Question about ctime

Discussion in 'C++' started by Tivo Escobar, Jul 23, 2003.

  1. Tivo Escobar

    Tivo Escobar Guest

    Hi all,

    anybody here can tell me what exactly is returned by the standard
    function time() in <ctime> (or time.h). Please dont tell me it is the
    number of seconds since 1 Jan of 1970 GMT, cos it is not (at least not
    in my case!).

    If I pass this number to a Java program (print it using a
    java.util.Date() object), the result is the current date minus one
    hour. If I generate the current number of seconds since 1970 in a Java
    program and use it in a C++ program (print it using localtime and
    asctime), the result is the current date plus one hour. I tested it
    changing the time zone of my computer and the results were the same.

    My conclusions are:
    1. time() returns the number of seconds since 1 Jan 1970 GMT minus one
    hour;
    2. localtime() adjusts the date above to the correct localtime (sum
    one hour) and store it in a structure.

    Does anybody know if I am right? If yes, why was it implemented that
    way?

    Thanks in advance,
    Tivo
     
    Tivo Escobar, Jul 23, 2003
    #1
    1. Advertising

  2. "Tivo Escobar" <> wrote...
    > anybody here can tell me what exactly is returned by the standard
    > function time() in <ctime> (or time.h). Please dont tell me it is the
    > number of seconds since 1 Jan of 1970 GMT, cos it is not (at least not
    > in my case!).


    "The time function returns the implementation's best approximation
    to the current calendar time. The value (time_t)(-1) is returned
    if the calendar time is not available."

    That's how C Standard defines it. Take it or leave it.

    > If I pass this number to a Java program (print it using a
    > java.util.Date() object), the result is the current date minus one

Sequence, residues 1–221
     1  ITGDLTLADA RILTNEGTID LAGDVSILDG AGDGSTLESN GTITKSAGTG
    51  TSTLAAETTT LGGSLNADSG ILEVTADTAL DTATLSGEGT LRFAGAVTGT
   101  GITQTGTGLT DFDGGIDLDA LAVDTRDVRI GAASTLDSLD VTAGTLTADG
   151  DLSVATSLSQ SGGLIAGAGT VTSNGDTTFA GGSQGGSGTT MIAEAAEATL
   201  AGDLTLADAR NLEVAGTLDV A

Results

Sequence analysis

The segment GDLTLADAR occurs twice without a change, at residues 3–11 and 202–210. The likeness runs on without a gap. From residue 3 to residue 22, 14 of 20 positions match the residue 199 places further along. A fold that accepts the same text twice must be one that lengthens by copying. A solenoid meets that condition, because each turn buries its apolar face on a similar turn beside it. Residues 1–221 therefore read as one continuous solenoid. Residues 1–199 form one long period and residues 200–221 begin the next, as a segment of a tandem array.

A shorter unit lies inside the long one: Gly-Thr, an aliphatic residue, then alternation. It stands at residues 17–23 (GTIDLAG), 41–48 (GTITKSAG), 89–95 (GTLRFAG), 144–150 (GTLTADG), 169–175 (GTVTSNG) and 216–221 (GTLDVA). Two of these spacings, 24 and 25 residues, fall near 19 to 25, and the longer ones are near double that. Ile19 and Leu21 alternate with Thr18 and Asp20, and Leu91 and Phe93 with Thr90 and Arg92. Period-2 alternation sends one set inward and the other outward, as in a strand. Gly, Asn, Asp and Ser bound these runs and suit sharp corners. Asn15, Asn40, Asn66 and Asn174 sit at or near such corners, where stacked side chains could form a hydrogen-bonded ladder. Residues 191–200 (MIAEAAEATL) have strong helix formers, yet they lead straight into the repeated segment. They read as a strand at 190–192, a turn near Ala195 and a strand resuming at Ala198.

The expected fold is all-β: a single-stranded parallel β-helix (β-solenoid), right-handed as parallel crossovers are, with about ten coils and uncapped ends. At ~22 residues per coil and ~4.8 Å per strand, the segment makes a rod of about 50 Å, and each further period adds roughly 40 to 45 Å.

> hour.


    Neither C Standard nor C++ Standard defines what's going to happen
    when you pass that value anywhere but gmtime, ctime, or localtime
    functions.

    > If I generate the current number of seconds since 1970 in a Java
    > program and use it in a C++ program (print it using localtime and
    > asctime), the result is the current date plus one hour. I tested it
    > changing the time zone of my computer and the results were the same.


    This has really no relevance in comp.lang.c++, but thank you for
    sharing your findings.

    Just for the fun of it, is the Daylight Savings Time active on
    your system?

    > My conclusions are:
    > 1. time() returns the number of seconds since 1 Jan 1970 GMT minus one
    > hour;


    Nope. It returns "the implementation's best approximation of the
    current calendar time" if one is available.

    > 2. localtime() adjusts the date above to the correct localtime (sum
    > one hour) and store it in a structure.


    localtime indeed takes a pointer to time_t value returned from (or
    by) the time() function and converts it into 'tm' structure. Whether
    it adjusts it or not is unspecified. Adjustment can be viewed as
    part of the conversion.

    > Does anybody know if I am right?


    Partially.

    > If yes, why was it implemented that
    > way?


    Whatever way it was implemented, it's implementation detail. Why
    it's done that way and not any other way, is a question to those
    who implemented it.

    Victor
     
    Victor Bazarov, Jul 23, 2003
    #2
    1. Advertising

Want to reply to this thread or ask your own question?

It takes just 2 minutes to sign up (and it's free!). Just click the sign up button to choose a username and then you can ask your own questions on the forum.
Similar Threads
  1. Ernst Murnleitner

    replacement for <ctime>?

    Ernst Murnleitner, Jul 16, 2003, in forum: C++
    Replies:
    8
    Views:
    545
    Limech
    Jul 20, 2003
  2. Oplec
    Replies:
    2
    Views:
    530
    Oplec
    Oct 26, 2003
  3. Kevin

    ctime Help

    Kevin, May 16, 2004, in forum: C++
    Replies:
    3
    Views:
    802
    osmium
    May 16, 2004
  4. wukexin
    Replies:
    1
    Views:
    480
    Karl Heinz Buchegger
    May 25, 2005
  5. Hao Xu
    Replies:
    2
    Views:
    753
    Mark McIntyre
    Aug 17, 2004
Loading...

Share This Page